Hearing God’s Call

Have you ever wondered what God is calling you to do with your life? I ponder that question for the longest time, and I believe He might have thrown a brick at me to wake me up.  

I attend Saturday night Mass. I prefer it, to be honest. It’s not because I get to sleep in on Sunday or with fewer people (but I prefer smaller Masses.)

To me, it’s about showing up during the middle of the day, sitting in the Church, and just centering myself in the presence of the Lord. There is nothing more refreshing to show up as early as you want (without it being too early) and just sitting quietly in a church.  

I showed up extra early, hoping my priest had returned from vacation. But, let’s face it, these holy shepherds also need breaks from time to time. They are human too! Thankfully, my priest was there doing his rounds while he prayed the Liturgy of the Hours.  

Showing up, I had a birthday bag full of religious items I wanted him to bless. Specifically, statues of St. Michael, St. Therese, and St. Joan, of course. He was smiled, saying, “I see you got the heavy-duty Saints.”  

How right he was.  

I try to confess every week, if not twice a week. It’s vital to hold yourself accountable, but one of the most wondrous things about Confession is coming into contact with Jesus through the priest. Something is awe-inspiring when you hear you are absolved of your sins.  

See, Confession is when you openly admit to your weaknesses and the wrongs you have committed willingly or unwillingly. It’s a place where Jesus, the Divine Healer, listens to your symptoms and gives you the Graces you need to help heal those weaknesses and even turn them into strengths.  

One thing I find myself often confessing these couple of days is despair over my vocation. I openly told the priest that sometimes I do feel like I have a vocation. I don’t know if it’s the priesthood, religious life, or marriage, but I can feel it from time to time.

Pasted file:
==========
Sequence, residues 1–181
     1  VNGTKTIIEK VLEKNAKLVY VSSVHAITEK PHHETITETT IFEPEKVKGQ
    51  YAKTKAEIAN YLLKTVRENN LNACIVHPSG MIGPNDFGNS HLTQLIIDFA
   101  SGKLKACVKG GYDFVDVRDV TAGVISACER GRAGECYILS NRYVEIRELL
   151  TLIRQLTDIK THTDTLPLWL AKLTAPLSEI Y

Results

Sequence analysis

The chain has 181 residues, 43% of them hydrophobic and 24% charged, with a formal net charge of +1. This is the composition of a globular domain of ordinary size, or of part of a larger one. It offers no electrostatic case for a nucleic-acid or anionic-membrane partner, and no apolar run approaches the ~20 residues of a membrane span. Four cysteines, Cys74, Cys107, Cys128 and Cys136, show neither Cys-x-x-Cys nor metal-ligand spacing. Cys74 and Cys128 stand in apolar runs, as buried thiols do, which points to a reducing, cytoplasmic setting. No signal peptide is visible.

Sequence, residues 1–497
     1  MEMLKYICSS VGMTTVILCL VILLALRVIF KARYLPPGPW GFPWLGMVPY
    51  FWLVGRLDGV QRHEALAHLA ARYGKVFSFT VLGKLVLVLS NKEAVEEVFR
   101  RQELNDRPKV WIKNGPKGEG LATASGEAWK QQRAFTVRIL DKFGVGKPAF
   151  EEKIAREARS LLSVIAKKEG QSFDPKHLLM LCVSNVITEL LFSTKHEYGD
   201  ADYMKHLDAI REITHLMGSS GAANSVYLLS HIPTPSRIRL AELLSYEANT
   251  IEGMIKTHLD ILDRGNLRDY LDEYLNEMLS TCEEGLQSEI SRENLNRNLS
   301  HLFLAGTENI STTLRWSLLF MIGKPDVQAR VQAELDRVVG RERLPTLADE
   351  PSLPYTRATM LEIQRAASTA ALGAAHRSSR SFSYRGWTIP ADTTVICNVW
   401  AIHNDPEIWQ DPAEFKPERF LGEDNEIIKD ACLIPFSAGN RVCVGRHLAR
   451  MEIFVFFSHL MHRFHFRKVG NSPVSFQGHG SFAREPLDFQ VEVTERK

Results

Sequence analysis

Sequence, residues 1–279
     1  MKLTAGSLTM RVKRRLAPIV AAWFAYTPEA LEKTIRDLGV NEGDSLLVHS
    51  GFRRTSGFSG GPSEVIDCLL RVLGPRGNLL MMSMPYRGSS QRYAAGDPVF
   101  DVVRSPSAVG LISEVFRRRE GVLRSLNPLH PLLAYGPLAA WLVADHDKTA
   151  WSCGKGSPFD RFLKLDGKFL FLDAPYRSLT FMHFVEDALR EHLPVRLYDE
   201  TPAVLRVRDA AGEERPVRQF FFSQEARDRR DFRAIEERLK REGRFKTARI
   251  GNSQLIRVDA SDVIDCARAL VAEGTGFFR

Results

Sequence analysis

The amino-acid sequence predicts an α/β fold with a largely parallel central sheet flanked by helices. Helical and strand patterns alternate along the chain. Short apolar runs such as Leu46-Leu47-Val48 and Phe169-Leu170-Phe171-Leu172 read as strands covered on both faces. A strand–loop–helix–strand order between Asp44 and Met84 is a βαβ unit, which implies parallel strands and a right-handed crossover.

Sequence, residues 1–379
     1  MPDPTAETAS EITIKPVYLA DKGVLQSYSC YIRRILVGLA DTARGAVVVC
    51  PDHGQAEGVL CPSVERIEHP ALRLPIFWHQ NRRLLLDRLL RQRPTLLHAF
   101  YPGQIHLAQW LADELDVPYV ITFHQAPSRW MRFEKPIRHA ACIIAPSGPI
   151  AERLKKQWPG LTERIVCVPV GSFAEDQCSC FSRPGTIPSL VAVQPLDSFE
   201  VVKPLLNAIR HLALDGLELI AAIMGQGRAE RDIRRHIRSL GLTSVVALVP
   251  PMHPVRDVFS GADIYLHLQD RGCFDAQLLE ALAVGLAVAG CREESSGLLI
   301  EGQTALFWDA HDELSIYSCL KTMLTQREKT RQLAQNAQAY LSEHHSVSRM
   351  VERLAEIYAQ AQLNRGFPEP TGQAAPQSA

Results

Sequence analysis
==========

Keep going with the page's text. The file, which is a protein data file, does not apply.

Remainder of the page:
When I do, I sometimes fall into great despair. I want to go after the vocation, yet student loan debt is holding me back. At times, I counter this by saying, “God is using the debt to help prepare me for discernment.”

Yet Jesus supplied my priest with the words I desperately needed to hear. He said, “You know, Edwin. I think you’re right. God could be using this debt to form you. When you’re ready for your vocation, God can’t be stopped by debt. You must have faith, and I know that’s hard that seems insurmountable. But with God, debt means nothing.”  

I could feel God behind his words. Yet my priest said something that stunned me to the core.

“A vocation isn’t the same thing as a career. A career is simply using your skills in the most efficient way to help cover your physical needs. A vocation isn’t about getting to point A to point B. It’s about using the rest of the time you have in how you will love God until you move on from this world.”

That shocked me. To me, those words instilled some kind of fire in my heart. I just wanted to say, “Well, I want to spend the rest of my time loving God.” But I realized that I’m not sure how I am to love God. Marriage, you love and honor God by raising a family.  

The Priesthood is about loving God by bringing God to others. The religious life is about loving God by denying yourself.